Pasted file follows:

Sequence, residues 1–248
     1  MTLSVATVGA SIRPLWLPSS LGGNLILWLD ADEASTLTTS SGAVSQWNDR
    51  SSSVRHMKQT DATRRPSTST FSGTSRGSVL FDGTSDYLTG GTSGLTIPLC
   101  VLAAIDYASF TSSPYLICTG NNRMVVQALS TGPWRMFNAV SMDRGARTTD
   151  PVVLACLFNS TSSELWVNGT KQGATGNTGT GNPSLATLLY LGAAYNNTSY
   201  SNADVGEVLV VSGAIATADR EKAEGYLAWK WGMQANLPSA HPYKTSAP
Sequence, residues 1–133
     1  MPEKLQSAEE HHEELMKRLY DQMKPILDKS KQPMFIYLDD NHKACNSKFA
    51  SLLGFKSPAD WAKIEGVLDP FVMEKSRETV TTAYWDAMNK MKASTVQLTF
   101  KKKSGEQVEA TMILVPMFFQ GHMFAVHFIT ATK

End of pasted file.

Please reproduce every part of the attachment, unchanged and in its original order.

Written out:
Sequence, residues 1–248
     1  MTLSVATVGA SIRPLWLPSS LGGNLILWLD ADEASTLTTS SGAVSQWNDR
    51  SSSVRHMKQT DATRRPSTST FSGTSRGSVL FDGTSDYLTG GTSGLTIPLC
   101  VLAAIDYASF TSSPYLICTG NNRMVVQALS TGPWRMFNAV SMDRGARTTD
   151  PVVLACLFNS TSSELWVNGT KQGATGNTGT GNPSLATLLY LGAAYNNTSY
   201  SNADVGEVLV VSGAIATADR EKAEGYLAWK WGMQANLPSA HPYKTSAP
Sequence, residues 1–133
     1  MPEKLQSAEE HHEELMKRLY DQMKPILDKS KQPMFIYLDD NHKACNSKFA
    51  SLLGFKSPAD WAKIEGVLDP FVMEKSRETV TTAYWDAMNK MKASTVQLTF
   101  KKKSGEQVEA TMILVPMFFQ GHMFAVHFIT ATK